In 1970 United were struggling to adapt to a new era without their great manager, Sir Matt Busby, and Wilf McGuinness was the man charged with leading this change. In the same way that David Moyes could never replace Sir Alex Ferguson, McGuinness was out of his depth and sacked eighteen months into his career as manager. Unlike today, where Ferguson has resisted returning, Busby returned to the fore for the remainder of the season.

The European Cup winners of only two years before were in decline and transition, again showing striking similarities to recent years. Whilst United have struggled to replace Nemanja Vidic, Rio Ferdinand and Paul Scholes to name just a few, the 1970 side were still too reliant on their brilliant yet fading Holy Trinity of George Best, Bobby Charlton and Denis Law.

McGuinness had been promoted from reserve team coach to head manager for the start of the 1969-70 season but had to wait until his seventh game in charge for his first win. He finished 8th in the league but was unlucky not to reach a domestic cup final, losing at the semi-final stage in both the FA and League cup. To add salt to the wound, the defeats were to Leeds United and Manchester City. United had been without Denis Law for the majority of the season due to injury, and McGuinness risked his popularity by transfer listing the Scot. However, no bids came in so the striker remained at the club.

United lost the opening game of the 1970-1 season to Leeds and were thrashed 4-0 by eventual champions Arsenal who would finish 22 points ahead of United. Their first win came the game after at home to Burnley who would be relegated. In goal that day and for the rest of 1970, was Jimmy Rimmer who had been the understudy to Alex Stepney since signing as a schoolboy in 1963.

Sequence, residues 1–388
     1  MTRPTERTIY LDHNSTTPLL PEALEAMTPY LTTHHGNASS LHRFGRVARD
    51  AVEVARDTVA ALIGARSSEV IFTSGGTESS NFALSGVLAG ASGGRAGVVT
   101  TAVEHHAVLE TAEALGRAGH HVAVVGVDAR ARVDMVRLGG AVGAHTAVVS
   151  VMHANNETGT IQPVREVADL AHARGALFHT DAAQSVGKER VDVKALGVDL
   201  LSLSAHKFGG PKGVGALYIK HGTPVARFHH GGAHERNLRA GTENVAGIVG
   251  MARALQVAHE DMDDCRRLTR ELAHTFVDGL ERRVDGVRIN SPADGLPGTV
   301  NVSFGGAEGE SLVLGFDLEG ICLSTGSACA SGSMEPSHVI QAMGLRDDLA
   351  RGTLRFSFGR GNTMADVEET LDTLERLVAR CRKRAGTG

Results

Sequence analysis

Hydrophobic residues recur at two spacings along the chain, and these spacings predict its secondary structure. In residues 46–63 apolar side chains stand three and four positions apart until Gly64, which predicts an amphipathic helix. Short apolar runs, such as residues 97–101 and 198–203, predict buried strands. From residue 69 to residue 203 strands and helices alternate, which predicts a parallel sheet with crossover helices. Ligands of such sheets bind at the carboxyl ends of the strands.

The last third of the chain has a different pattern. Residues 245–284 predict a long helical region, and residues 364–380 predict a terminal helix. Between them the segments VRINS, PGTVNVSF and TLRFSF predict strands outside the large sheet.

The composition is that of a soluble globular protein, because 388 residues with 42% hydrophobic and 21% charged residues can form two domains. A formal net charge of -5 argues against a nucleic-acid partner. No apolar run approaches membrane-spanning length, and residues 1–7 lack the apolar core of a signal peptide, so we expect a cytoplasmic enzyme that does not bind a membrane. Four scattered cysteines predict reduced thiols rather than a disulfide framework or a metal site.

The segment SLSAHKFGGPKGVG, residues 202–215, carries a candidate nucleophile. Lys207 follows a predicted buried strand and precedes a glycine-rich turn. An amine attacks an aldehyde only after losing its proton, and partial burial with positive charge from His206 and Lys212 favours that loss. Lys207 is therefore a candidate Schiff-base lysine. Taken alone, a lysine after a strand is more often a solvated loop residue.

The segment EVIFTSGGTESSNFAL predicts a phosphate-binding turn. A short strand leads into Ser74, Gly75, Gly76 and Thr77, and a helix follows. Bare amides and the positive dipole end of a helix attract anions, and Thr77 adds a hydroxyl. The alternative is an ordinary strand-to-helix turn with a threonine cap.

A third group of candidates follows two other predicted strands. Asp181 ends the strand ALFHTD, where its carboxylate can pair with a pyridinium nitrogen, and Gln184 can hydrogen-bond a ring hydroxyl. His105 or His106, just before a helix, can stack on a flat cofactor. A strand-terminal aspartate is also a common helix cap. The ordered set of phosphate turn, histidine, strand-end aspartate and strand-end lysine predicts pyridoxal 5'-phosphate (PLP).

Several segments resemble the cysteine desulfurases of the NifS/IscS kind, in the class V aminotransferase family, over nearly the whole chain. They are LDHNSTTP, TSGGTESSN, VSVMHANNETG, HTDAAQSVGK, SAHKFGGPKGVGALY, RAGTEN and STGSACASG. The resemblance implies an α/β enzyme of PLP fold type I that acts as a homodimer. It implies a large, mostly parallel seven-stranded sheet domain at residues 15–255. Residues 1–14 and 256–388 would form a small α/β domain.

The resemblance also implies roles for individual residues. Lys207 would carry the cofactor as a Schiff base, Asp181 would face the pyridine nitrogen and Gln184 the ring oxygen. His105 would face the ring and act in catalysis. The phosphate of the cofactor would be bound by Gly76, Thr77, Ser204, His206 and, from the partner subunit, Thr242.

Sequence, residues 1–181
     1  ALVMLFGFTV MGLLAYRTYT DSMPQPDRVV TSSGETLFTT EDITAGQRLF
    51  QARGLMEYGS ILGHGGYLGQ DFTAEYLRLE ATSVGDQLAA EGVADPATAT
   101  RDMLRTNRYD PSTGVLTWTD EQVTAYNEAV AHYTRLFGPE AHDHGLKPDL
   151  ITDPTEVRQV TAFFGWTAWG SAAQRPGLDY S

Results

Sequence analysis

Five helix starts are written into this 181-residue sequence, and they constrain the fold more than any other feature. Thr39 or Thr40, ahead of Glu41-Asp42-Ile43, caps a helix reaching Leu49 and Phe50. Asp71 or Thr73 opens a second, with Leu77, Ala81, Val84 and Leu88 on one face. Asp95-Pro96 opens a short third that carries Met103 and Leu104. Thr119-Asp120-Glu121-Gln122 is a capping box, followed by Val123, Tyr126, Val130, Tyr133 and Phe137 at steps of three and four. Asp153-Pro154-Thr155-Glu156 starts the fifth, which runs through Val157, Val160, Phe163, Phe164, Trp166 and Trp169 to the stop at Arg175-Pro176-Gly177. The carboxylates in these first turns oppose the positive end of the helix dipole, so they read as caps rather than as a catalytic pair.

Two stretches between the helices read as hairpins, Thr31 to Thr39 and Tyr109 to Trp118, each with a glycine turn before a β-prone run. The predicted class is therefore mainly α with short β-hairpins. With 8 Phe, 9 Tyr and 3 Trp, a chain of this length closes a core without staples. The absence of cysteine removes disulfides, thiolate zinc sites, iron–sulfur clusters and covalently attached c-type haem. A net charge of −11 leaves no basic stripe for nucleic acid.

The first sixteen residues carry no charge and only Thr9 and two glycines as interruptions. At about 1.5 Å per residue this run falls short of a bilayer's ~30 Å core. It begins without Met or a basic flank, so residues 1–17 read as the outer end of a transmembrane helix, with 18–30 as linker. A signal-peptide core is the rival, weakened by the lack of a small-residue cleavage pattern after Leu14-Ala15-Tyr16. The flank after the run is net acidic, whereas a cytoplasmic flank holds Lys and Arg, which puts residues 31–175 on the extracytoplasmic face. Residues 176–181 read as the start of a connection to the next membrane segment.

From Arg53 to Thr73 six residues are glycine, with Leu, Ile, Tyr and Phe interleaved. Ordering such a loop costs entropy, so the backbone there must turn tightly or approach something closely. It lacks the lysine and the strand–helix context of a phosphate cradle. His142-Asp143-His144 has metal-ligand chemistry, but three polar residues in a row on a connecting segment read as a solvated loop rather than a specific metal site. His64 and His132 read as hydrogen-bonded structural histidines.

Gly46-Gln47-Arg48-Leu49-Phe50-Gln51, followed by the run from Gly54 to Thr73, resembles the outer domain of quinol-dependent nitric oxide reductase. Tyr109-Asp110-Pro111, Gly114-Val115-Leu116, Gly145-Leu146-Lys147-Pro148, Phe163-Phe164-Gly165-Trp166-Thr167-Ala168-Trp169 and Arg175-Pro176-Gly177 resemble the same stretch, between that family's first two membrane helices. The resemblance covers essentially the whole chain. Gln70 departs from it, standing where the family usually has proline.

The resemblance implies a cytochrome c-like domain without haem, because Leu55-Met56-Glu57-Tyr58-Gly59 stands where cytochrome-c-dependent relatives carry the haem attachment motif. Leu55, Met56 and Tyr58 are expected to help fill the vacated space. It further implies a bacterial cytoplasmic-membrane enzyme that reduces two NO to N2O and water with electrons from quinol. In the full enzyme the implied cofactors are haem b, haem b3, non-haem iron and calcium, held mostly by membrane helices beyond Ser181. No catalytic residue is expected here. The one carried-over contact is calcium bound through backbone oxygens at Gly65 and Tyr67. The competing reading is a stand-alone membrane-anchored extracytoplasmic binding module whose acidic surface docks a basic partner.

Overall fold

Rimmer had plenty of action to face and was used to picking the ball out of his own net, with United being heavily beaten on more than one occasion. They lost 3-2 away to Wolves and then unforgivably 4-1 at home to neighbours Manchester City. That game was controversial due to George Best breaking Glyn Pardoe’s leg with a late tackle and the manner in the thrashing proved the rut that United had found themselves in, similar to Moyes’ embarrassing clashes with City last year.

Arsenal were again convincing winners in their trip to Old Trafford, whilst McGuinness yet again came so close yet so far in the League Cup, losing in the semis once more on December 23rd to Aston Villa. His last game in charge of United would come on Boxing day in a thrilling match at Derby’s Baseball Ground. On a quagmire of a pitch covered in snow, Derby lead 2-0 at half time but two headers from Law and a scrappy effort from Best had given United the lead only for them to concede two more. Brian Kidd headed an equaliser to cap a sensational game but the writing was on the wall for McGuinness; 1971 would see Busby return as manager.

It was a poor start for the legend with the reds getting knocked out of the FA Cup by second division Middlesbrough. With Stepney reinstated in net, United started to grind out some victories yet inconsistency in results still haunted them. In February, United thrashed Southampton 5-1 with Alan Gowling scoring four. Gowling was one of only seven university graduates to play for United and was signed after completing a degree in economics, earning the nickname ‘Bamber’ after the University Challenge host Bamber Gascoigne.

A 1-0 away defeat to Everton the next game emphasised this inconsistency and the season petered out with some more narrow defeats yet some other exciting and comprehensive victories. In March, United beat West Bromwich Albion 4-3 and then bettered that as an away performance by beating Crystal Palace 5-3 in April. Law got a hat-trick, whilst Best got a brace. The season’s top scorer, Best got another brace in the final game of the season. City were beaten 4-3 in another exciting game which again proved United’s failings in the back. Charlton and Law were the other scorers that day to emphasise the point that the Holy Trinity would be very hard to replace.

Overall, United were in decline and struggling to move on from the glory years of Wembley 1968. The decision to appoint from within had backfired and resulted in two seasons in a row where they finished eighth. For the most part, United remained reliant on their greats from the goals of Best to the steadying of the ship from Busby who remained a huge shadow on the club. The great man needed to be replaced by someone who had the character and profile to handle the job. United turned to a man who had just guided Leicester City to promotion, Frank O’Farrell.